Cultural Resources



Sunday, March 22, 2009

Juan and Stacey Floyd-Thomas, Lectionary Team Cultural Resource Commentators

I. The History Section

What does black wedded bliss look like? What does it sound like to be a black married couple? How does it genuinely feel to be in a committed, healthy, and godly relationship as an African American man and woman in the state of holy matrimony? These are not just rhetorical questions, but actual concerns related to the current state and future prospects for the state of marriage in the black community. What is most alarming is that there is a stunning absence of positive and affirming depictions of black married women and men on public display and in American popular culture. Besides glimpses of black married couples on television sitcoms such as Good Times, The Jeffersons, The Cosby Show, and My Wife and Kids, there are few legitimate examples in popular culture of African Americans who are happily married and emotionally balanced. More often than not, married black women and men are depicted as something abnormal rather than something to be honored and respected. To make matters worse, given the fact that the "M" word is tantamount to profanity in some circles, most marriages are in trouble for one reason or another.

Whereas the church was foremost amongst the many institutions that provided a safety net for couples once upon a time, there has been a sense in recent years that there is a growing perception, in young and old alike, that marriage does not matter anymore. Therefore, the idea behind Marriage Enrichment Sunday within black churches across the country is to correct this negative and ultimately fatalistic perspective that black committed love between a man and a woman is impossible.

We often receive puzzled questions about what makes our marriage work. At some point in time, we will be asked how we met or why we decided to hyphenate our last names, but there always seems to be a greater, more pressing question that lurks unstated by the inquirer: “Can a black woman and man who are professionals, successful, and saved truly be in love with one another?” While we certainly do not pretend to be perfect or profess to have any great wisdom about being married, we allow our actions to speak for us.  Apart from whatever the current debate about marriage as the natural ideal for human beings might be, it is important to emphasize that the Bible depicts marriage as a source of personal fulfillment and divine blessing to the man and woman. With the first creation story in the Hebrew Bible, the assertions that “It is not good that the man should be alone; I will make him a helper comparable to him” (Gen 2:18) and “A man shall leave his father and mother, and be joined to his wife, and they shall become one flesh” (Gen 2:24) imply that marriage is equal parts commitment and consecration. On a personal note, the happiest realization of our lives together is that, through the good and bad times alike, we are best friends, lovers, life partners, and companions, but we are also soul mates in the truest sense brought into each other’s life by God. Although it is treated as old-fashioned, finding the person that God has ordained as the right pick for you is better than life itself.  The challenge in today’s world is not just about trying to keep the romantic spark alive or maintaining open lines of communication (although both of those are important), but it is making certain that God is at the center of our shared destiny as a couple. Before anyone can argue that they represent and support marriage as being chief amongst so-called “family values,” it is important to know that it is God that places that value in the dual institutions of marriage and family in the first place.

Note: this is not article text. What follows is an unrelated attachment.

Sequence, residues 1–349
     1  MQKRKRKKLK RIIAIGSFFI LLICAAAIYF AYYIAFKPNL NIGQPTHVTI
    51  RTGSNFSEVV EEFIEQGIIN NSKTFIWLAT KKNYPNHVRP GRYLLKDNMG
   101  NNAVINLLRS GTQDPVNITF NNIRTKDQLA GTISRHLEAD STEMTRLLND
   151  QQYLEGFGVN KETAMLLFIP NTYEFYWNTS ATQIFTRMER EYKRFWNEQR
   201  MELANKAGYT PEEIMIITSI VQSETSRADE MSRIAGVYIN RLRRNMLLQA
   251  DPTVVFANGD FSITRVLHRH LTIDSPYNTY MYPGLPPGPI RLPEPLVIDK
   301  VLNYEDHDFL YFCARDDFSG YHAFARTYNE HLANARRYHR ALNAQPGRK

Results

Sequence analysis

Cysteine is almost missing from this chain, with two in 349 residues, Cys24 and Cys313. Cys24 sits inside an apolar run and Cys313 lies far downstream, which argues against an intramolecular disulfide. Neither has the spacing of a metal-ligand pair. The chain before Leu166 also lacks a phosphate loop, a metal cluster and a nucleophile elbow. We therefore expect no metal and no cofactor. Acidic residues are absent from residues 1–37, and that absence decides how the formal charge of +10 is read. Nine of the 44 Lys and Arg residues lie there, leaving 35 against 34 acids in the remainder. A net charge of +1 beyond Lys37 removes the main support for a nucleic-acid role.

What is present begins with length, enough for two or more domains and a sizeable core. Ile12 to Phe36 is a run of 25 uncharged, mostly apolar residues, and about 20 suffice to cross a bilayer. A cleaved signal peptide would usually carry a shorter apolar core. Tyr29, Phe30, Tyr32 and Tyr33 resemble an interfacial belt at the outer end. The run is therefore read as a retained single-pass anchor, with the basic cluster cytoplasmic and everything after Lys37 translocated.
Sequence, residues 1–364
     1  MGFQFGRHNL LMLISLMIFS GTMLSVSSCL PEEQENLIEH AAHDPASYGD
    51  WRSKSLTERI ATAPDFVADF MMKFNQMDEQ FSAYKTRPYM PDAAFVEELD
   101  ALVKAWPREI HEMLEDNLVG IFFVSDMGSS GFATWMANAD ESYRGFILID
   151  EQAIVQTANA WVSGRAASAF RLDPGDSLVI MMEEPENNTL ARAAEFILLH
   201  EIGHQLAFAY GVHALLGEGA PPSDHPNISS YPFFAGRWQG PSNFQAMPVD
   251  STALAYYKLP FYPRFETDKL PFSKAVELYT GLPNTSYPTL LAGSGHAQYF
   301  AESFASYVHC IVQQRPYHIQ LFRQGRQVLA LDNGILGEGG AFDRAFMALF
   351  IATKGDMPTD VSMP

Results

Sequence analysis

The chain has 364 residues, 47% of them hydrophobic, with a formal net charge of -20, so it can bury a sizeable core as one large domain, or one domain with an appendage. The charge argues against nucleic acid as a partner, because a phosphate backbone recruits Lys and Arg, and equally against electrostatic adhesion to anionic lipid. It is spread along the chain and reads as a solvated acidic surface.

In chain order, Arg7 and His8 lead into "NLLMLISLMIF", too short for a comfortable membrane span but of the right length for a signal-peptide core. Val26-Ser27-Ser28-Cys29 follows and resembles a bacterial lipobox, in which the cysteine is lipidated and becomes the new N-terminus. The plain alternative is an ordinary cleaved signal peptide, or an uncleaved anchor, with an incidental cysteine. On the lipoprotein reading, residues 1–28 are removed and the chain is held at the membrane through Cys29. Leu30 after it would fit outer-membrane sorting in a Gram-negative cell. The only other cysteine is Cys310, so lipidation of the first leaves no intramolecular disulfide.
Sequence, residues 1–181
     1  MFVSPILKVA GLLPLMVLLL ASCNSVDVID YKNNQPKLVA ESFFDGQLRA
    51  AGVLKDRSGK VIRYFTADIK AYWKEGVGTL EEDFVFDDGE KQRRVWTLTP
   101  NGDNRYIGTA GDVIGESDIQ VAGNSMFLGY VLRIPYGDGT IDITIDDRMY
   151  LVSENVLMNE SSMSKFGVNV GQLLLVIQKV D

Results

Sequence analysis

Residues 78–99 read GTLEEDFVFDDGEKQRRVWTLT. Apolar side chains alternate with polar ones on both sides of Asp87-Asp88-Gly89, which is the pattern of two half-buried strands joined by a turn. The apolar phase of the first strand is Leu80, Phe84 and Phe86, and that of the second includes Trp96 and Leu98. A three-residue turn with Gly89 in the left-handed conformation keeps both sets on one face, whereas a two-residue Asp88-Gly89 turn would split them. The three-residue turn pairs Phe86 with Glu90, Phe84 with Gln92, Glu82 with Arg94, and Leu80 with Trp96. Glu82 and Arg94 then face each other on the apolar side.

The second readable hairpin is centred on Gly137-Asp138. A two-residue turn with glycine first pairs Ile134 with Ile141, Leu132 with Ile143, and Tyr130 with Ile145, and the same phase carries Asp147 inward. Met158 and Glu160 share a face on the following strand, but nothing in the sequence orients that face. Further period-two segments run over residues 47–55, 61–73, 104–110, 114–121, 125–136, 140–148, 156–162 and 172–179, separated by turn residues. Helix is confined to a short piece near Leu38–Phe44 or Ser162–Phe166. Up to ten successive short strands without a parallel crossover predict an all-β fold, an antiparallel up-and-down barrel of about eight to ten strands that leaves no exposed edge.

The Wedding (1948) by Jacob Lawrence

II. Songs that Speak to the Moment

“One in a Million” and “Here and Now”
Choosing songs for Marriage Enrichment Sunday often happens to spark considerable nostalgia for couples. Simply listening to these well-known wedding songs, such as “One in a Million” by Larry Graham, “Here and Now” by Luther Vandross, and other love songs remind married couples of their wedding celebration. Meanwhile, we can also take this opportunity to acquaint younger members of the church congregation with a style of songwriting that focuses squarely upon lyricism and melody that upholds a genuinely romantic ideal that is sorely missing in a sizable segment of the black community today.

One in a Million
Love had played its game on me so long.
I started to believe I'd never find anyone.
Doubt had tried to convince me to give in,
Said you can't win.

But one day the sun it came a shinin' through.
The rain had stopped, and the skies were blue.
And oh, what a revelation to see.
Someone was saying "I love you" to me.

A one in a million, chance of a lifetime.
And life showed compassion.
And sent to me a stroke of love called you.
A one in a million you.

I was a lonely man with empty arms to fill.
Then I found a piece of happiness to call my own.
And life is worth living again.
For to love you to me is to live.

(Chorus 2x).1

Here and Now
When I look in your eyes
there I see
Just what you mean to me
Here in my heart I believe
Your love is all I'll ever need